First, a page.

If I saw performer bios that looked more like my blog bio than my orchestra c.v., it would make concert programs eminently more readable, don’t you think? Audiences are so hungry for this type of information. They want to get a glimpse into the lives of those people on stage who, for a lot of fans, are practically heroes. To be fair, a lot of performers do have social media presences (though often curated by their PR teams rather than being true expressions of their personal interests), and these do give a more rounded view. Cellist Alban Gerhardt has maintained a blog about his travels for quite some time (though it is much less often updated as of late), and Hilary Hahn also kept a wonderful blog before her career became huge and she started her family. But the point is, if we as performers allow a bit of our non-performing persona out into the public, we stand to gain a lot of additional goodwill from our audiences, and build stronger relationships between these two seemingly monolithic (but actually very diverse and interesting) structures—orchestra and audience. That’s why the Oregon Symphony Musicians’ Classical Up Close initiative has proven so successful, in large part.

What do you think?

team building

J Richard Hackman

Today’s New York Times published an obituary for J. Richard Hackman, an expert in team dynamics. In his 2011 article Six Common Misperceptions About Teamwork for the Harvard Business Journal, Hackman wrote:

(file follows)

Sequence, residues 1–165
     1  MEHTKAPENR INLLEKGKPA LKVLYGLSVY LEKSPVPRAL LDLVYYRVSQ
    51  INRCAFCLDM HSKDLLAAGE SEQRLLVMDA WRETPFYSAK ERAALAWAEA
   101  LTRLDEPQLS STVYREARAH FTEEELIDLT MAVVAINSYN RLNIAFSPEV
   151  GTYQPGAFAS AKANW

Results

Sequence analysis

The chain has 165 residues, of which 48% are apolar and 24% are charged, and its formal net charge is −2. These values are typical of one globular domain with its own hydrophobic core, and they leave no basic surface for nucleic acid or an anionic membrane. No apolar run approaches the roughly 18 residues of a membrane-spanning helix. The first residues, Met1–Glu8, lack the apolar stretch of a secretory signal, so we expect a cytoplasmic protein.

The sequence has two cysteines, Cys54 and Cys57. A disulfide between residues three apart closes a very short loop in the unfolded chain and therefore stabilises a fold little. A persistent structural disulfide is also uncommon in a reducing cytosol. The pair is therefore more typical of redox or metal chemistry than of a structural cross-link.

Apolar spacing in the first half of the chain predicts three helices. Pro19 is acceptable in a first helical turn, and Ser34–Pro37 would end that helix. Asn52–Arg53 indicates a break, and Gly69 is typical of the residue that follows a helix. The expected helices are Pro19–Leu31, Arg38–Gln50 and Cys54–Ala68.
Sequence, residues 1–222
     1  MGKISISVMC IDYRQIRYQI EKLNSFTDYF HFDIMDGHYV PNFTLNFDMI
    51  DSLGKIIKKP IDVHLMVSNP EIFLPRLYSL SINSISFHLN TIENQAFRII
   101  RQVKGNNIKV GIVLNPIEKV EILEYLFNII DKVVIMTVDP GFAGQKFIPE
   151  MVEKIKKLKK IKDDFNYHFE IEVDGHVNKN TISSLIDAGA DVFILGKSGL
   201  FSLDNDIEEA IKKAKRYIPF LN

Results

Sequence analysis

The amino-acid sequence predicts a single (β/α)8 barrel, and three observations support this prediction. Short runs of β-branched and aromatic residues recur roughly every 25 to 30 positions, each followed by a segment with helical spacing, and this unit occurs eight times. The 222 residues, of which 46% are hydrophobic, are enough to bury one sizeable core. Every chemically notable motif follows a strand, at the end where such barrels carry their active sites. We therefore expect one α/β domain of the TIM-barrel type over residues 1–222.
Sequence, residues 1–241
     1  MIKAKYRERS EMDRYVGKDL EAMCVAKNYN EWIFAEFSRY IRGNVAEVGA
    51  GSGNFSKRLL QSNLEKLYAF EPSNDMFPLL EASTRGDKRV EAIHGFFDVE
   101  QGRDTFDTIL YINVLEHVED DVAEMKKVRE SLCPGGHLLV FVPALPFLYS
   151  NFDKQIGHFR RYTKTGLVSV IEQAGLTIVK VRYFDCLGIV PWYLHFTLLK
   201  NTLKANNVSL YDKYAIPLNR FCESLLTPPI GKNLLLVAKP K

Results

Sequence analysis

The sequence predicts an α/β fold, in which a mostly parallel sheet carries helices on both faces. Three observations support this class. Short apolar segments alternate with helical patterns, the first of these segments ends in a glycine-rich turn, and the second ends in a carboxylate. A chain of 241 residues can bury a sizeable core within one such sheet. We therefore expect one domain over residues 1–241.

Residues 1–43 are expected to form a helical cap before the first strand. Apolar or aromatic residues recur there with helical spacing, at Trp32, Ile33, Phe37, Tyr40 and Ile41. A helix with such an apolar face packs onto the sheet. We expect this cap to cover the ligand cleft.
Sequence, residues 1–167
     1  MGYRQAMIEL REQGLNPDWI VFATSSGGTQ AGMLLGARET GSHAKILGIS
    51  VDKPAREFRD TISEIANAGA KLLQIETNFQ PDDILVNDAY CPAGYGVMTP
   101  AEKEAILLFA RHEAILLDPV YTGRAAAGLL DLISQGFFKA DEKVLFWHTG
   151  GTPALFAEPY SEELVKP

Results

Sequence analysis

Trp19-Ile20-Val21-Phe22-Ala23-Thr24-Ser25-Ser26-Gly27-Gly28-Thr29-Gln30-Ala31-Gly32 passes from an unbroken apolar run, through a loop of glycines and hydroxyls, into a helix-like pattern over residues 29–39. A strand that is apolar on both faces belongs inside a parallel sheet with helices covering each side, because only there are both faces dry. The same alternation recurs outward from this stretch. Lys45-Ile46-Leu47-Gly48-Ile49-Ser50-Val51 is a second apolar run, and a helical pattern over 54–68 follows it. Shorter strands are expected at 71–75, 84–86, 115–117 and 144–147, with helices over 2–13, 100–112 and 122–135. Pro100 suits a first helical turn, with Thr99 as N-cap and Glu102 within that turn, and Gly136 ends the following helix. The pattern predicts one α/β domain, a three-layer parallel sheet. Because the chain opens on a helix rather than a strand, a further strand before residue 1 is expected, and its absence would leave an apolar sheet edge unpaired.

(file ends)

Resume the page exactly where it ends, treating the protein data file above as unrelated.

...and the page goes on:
“Misperception No. 2: It’s good to mix it up. New members bring energy and fresh ideas to a team. Without them, members risk becoming complacent, inattentive to changes in the environment, and too forgiving of fellow members’ misbehavior.

“Actually: The longer members stay together as an intact group, the better they do. As unreasonable as this may seem, the research evidence is unambiguous. Whether it is a basketball team or a string quartet, teams that stay together longer play together better.”

Not only sports teams or string quartets – symphony orchestras could also be considered in this statement. It’s a shame that many managements don’t subscribe to this view instead of seeing an endless supply of eager, young talent emerging from conservatories and music schools to replace higher-cost musicians.

bitching, orchestras, and professionalism

I wrote this over at my tumblr blog as part of my DigiWriMo efforts.